This calendar of saints is drawn from several denominations, sects, and traditions. Although it will no longer be updated daily, the index on the right will guide visitors to a saint celebrated on any day they choose. Additional saints will be added as they present themselves to Major.

Sunday, November 25, 2012

November 25 -- Feast of Saint Philopateer Mercurius

Here's a warrior-saint, a martyr who waited a century until the Lord was ready to use him as an agent of vengeance. 

Two swords -- one kickass saint
Philopeteer (loves the father) was born in AD 225 in Cappadocia (eastern Turkey).  Some sources say that he's Scythian, but folks moved around in the Empire back then.  His dad, Yares, had a conversion experience while hunting and arranged for the whole family to be baptized.  At the time, Christianity was not being actively persecuted, so Yares (who was christened Noah) served in the Roman army until he was captured and forced into servitude.  He returned after seventeen months, but died soon after. 

Mercurius (Philopateer's christian name) joined the Roman army and distinguished himself as an able soldier.  He rose quickly through the ranks.  Michael the Archangel appeared to him and offered him a sword, saying that he would be given victory, suffering, and death by God.  As depicted, Mercurius fought with two swords -- one from God and one from Caesar -- leading the troops to victory and personally killing the enemy king.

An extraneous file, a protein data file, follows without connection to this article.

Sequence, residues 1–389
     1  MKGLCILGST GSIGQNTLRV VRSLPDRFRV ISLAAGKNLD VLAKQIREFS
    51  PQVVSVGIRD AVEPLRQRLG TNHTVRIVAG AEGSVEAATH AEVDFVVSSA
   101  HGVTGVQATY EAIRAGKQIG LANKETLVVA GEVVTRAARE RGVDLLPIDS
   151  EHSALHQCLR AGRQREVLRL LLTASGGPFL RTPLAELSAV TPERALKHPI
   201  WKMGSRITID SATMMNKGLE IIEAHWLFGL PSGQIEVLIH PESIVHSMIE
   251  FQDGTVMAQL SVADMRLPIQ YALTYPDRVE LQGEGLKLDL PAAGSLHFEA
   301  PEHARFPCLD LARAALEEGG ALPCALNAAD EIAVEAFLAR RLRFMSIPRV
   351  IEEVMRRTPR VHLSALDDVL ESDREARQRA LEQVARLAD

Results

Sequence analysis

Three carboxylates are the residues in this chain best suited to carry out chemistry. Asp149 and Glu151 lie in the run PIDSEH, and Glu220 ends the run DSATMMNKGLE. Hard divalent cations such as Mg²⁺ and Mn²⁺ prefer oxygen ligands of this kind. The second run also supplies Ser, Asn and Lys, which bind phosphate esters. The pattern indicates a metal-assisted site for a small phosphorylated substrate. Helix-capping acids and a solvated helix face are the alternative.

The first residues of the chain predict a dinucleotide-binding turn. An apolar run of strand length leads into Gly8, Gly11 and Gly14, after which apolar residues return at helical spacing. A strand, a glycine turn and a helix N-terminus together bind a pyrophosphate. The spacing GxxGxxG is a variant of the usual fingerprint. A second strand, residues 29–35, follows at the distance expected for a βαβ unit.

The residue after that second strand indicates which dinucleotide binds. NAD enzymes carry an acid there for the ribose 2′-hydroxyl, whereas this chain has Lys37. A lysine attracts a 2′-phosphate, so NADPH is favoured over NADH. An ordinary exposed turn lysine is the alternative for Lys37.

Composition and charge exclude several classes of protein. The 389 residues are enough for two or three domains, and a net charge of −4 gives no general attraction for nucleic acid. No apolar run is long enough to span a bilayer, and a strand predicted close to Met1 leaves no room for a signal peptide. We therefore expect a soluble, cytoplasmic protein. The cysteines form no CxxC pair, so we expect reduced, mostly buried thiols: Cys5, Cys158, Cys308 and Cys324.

The Emperor Decius heard about this and promoted Mercurius.  One account says he got the title Stratelates (general, master of the soldiers) but another says he became Supreme Commander of All Roman Armies.  The story gets a little predictable here, so I will be brief.

Decius invited Mercurius to the sacrifice to Artemis.  Mercurius tried to dodge the ceremony without being rude, but eventually had to confess his Christianity.  He was tortured brutally by the troops, but healed nightly by an angel.  Weary of the demonstration of Christian devotion and the power of God, Decius gave the death warrant.  Mercurius had a vision of Jesus himself offering a welcome, so Mercurius raced to the soldiers and begged them to carry out the order immediately, pausing only to ask God to forgive them. 

Take that, Julian! Thanks for the spear, Lakhmids!
A year later (AD 251), Decius' three-year reign came to a pointy end at the Battle of Abrittus.  In that death, Mercurius has no part.  However, in AD 363, Emperor Julian the Apostate suffered a spear wound while fleeing the Sassanid army.  The spear punctured his liver, peritoneum, and intestines, and yet he did not die.  His surgeon sutured the wound after first bathing it with dark wine.  Yeah, pouring yeasty liquid into an open wound seems like a good idea to me. 

No living person is given credit for the kill.  Julian's surgeon said the wound was consistent with a Lakhmid auxilliaries' spear rather than a Roman one.  And yet, the Sassanids were not fighting nearby and rumors of a Roman assassin were without any credible evidence.  Later, folks figured out that Saint Mercurius had a heavenly commission to kill Julian so that a Christian emperor, one who would restore the Faith's position in the Empire, could be brought to the throne. 

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